Farrah Abraham and Kail Lowry face off over red carpet looks

As some of you know, there was a “Very Special Episode” of Teen Mom OG on Sunday night, just ahead of the live airing of the MTV Television & Movie awards show. A few Teen Mom stars were on hand to help make the red carpet event ‘more classier.’ But as usual…Farrah Abraham quickly became embroiled in controversy and petty fighting with her co-stars.

Let’s take a look at the gals’ red carpet looks first.



Amber Portwood 

amber portwood wedding dress

Amber wore a fitted, sleeveless, full-length ivory-looking gown that looked suspiciously like a tacky wedding dress. It was accentuated with a keyhole neckline to show off her new boobages and a pair of silver hoop earrings, because you can’t have a real catfight without someone taking off their earrings and handing them to a friend.

In this case, Amber’s friend was Kail Lowry. The pair were seen on Snapchat hanging out in a hotel room the night before the event.

Kail Lowry

As you can see, Kail was wearing a full-length red gown with 1/2 sleeves. The dress was very fitted and showed off her 7 (?) month baby bump. TBH there’s really not much to snark about here. Moving on.

Farrah Abraham

Last week, we saw Farrah and her whatever-he-is Simon Saran shopping for traditional Indian clothing. Fans speculated that the pair was invited to a wedding of one of Simon’s friends, during which guests of all backgrounds are encouraged to embrace the traditional Indian sari. As it turns out, Farrah was actually shopping for her red carpet look. She claimed it was an attempt to “bring culture to the red carpet.”

farrah indian red carpet

To her credit, I had to look up what this is called, so consider me more cultured. Because my instinct is sari, but Indian news sources (yes, India is actually interested in her attempt to bring ‘Bollywood’ to the masses) have called it a lehenga. Whatever it is, Farrah went all out with the Henna tattoos on her hands and neck and a bindi (the jewel on the forehead). This look sent Farrah straight to the bottom of “Worst Dressed” lists with critics saying this was a clear example of “cultural appropriation.”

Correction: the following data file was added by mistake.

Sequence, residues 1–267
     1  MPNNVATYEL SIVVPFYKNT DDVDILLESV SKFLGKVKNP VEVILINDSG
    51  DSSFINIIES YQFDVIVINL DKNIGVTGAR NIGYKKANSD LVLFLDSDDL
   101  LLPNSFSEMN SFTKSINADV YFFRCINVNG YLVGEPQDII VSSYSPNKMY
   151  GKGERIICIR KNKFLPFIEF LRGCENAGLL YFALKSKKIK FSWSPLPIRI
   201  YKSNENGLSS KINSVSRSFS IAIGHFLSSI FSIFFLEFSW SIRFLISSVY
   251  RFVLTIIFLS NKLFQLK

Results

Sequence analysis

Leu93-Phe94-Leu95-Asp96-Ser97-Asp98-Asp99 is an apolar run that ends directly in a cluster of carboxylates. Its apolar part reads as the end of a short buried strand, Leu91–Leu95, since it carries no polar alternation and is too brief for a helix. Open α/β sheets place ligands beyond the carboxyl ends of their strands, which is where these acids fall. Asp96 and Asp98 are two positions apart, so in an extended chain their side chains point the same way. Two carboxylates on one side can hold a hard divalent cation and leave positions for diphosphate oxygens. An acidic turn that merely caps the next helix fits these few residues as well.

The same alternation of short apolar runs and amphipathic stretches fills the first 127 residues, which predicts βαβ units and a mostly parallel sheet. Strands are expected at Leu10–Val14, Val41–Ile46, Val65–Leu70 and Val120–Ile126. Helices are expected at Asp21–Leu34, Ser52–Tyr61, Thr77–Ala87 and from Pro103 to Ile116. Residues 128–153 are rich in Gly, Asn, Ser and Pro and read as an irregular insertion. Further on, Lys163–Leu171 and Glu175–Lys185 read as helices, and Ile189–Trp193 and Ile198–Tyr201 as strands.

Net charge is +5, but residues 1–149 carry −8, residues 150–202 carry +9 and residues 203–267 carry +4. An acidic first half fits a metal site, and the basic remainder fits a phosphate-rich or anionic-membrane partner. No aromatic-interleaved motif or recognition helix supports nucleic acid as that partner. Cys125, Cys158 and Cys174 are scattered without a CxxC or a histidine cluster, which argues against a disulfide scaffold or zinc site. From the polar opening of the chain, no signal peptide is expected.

Now onto the dramas!

Kail Lowry said in an interview with The Dirty that the MTV awards show was “not a costume party,” an apparent slight at Farrah. To her credit, Kail tried to say she didn’t see any “cultural appropriation” in this, but does Fare-Bear take shit lying down?

Farrah shot back saying the following about Kail: “Was she even invited? Her look of being pregnant has been done and is old. Stop getting knocked up by randoms.”

Well, the timing of that quip was pretty bad for Kail. Over the weekend, she snapped several photos and videos with another man who came to Los Angeles with her for the awards show. In one photo, the man can be seen lying in a hotel bed with her. This man was not Baby Daddy #3, Chris Lopez, and fans were quick to speculate that Kail was sleeping around with yet another new man. Make of that what you will.

So far, there has been no criticism of Farrah’s red carpet appearance from the Amber camp. Maybe Good Ol’ Amber is finally learning what it means to be a real woman.

So there you have it. The latest drama llama fest in the Teen Mom world! I’m trying to catch y’all up so stay tuned the rest of this week!




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  1. Em says: